What names are you calling yourself? What names are you calling other people? Define those terms. What is a “loser”? How do you cross the boundary from “non-loser” to “loser”? What’s the difference between being a loser and going through a rough patch? Who decided that? And what do you have to lose by explaining your current experience as a season (“a rough patch”), as opposed to a state of existence (“loser”)?
Substitute language that is loaded with language that is removed, cold, scientific, neutral. The words that you use can actually change the emotion you feel. Instead of calling a group of “those fucking assholes,” refer to them by their Proper Name, and select adjectives that are descriptive. Instead of calling someone “abuse,” try using balanced descriptions which explain his or her abusiveness —
“Good at performance, but bad at empathy.”
“Peaceable, but harmfully neglectful.”
“Well-meaning, but hurtful.”
When your critical vocabulary is balanced with a positive evaluation, it gives more weight to the criticism. When all your words are critical, it cheapens what you’re trying to communicate. Frame your negative concern within a canvas of neutral and positive evaluation. Nobody is Satan incarnate. Couch your point of concern in a
Don’t just assume “I’m the worst.” Examine how the negative situation came to pass and how you can fix it. Don’t fixate on the feeling — direct that energy toward a solution.
Define the positive and negative consequences of your emotion. You can also use a cost-benefit analysis to modify self-defeating beliefs like “I must always be perfect.”
Feeling good is like learning a martial art. It doesn’t come naturally to anybody. You have to learn not only the active skill of fighting, but how to engage defensively with all other kinds of attacks, internal and external. Philosopher Ellen Charry puts it this way: “People become lighter as they become stronger. As great artists perform with seeming effortlessness and can enjoy the beauty of their own artistry, people become happier as they love more supplely … This joy is the pinnacle of human happiness …. It may not be linear or steady progress, yet it cannot be nullified, even by adversity.”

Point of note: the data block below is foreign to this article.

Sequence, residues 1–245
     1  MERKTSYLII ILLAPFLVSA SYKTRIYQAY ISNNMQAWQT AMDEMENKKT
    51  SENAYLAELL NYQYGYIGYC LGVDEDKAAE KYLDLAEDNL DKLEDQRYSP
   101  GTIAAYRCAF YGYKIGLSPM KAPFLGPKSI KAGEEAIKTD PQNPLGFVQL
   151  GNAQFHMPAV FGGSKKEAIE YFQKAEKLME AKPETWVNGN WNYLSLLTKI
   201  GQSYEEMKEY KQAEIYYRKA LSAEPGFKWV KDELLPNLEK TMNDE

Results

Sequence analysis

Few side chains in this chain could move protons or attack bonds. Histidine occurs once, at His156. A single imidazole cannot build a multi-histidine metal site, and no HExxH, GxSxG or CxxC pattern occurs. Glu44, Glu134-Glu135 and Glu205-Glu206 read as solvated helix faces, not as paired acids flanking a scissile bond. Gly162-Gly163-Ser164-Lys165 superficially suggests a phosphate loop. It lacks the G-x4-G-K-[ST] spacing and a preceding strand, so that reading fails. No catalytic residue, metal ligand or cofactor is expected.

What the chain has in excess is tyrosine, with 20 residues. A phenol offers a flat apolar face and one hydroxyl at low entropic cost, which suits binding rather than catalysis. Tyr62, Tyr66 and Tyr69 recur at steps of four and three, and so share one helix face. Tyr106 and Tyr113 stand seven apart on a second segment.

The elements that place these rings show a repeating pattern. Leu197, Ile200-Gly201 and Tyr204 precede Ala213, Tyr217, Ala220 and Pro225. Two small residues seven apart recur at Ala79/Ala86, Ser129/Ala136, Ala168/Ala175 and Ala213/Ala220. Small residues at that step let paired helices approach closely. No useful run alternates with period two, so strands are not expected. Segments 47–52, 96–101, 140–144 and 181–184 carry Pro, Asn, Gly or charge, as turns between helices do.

Make this a goal of your life — to become a blackbelt in feeling good. If you do, life will still be hard — but it’s better to be a warrior in a garden than a gardener at war. Become an emotional warrior — not against yourself, but on behalf of yourself.
 Most notably, in N. H. Anderson, “Averaging Versus Adding as a Stimulus-Combination Rule in Impression Formation,” Journal of Personality and Social Psychology 2 (1965): 1-9; G. Peeters and J. Czapinski, “Positive-Negative Asymmetry in Evaluations: The Distinction Between Affective and Informational Negativity Effects,” European Review of Social Psychology, ed. W. Stroebe and M. Hewstone (New York: Wiley, 1990), 33-60; J. J. Skowronski and D. E. Carlson, “Negativity and Extremity Biases in Impression Formation: A Review of Explanation,” Psychological Review 105 (1989): 131-142.
 R. F. Baumeister, E. Bratslavsky, C. Finkenhauer, and Kathleen D. Vohs, “Bad Is Stronger Than Good,” Review of General Psychology 5 (2001): 323-370.
 The researchers define bad as “undesirable, harmful, or unpleasant.” Baumeister et al., 325.
 See S. E. Taylor, “Asymmetrical Effects of Positive and Negative Events: The Mobilization-Minimization Hypothesis,” Psychological Bulletin 110 (1991): 67-85.
 James W. Pennebaker and Joan R. Susman, “Disclosure of Traumas and Psychosomatic Processes,” Social Science & Medicine 26, no. 3 (1988): 327-332.
 “In a sense, trauma has no true opposite concept. A single traumatic experience can have long-term effects on the person’s health, well-being, attitudes, self-esteem, anxiety, and behavior; many such effects have been documented. In contrast, there is little evidence that single positive experiences can have equally influential consequences.” R. F. Baumeister, E. Bratslavsky, C. Finkenhauer, and Kathleen D. Vohs, “Bad Is Stronger Than Good,” Review of General Psychology 5 (2001): 327-328 [323-370]. See Roy Baumeister and John Tierney, Willpower: Rediscovering the Greatest Human Strength (New York: Penguin, 2011).
 L. R. Conklin and D. R. Strunk, “A session-to-session examination of homework engagement in cognitive therapy for depression: Do patients experience immediate benefits?” Behavior Research and Therapy 72 (2015): 56-62.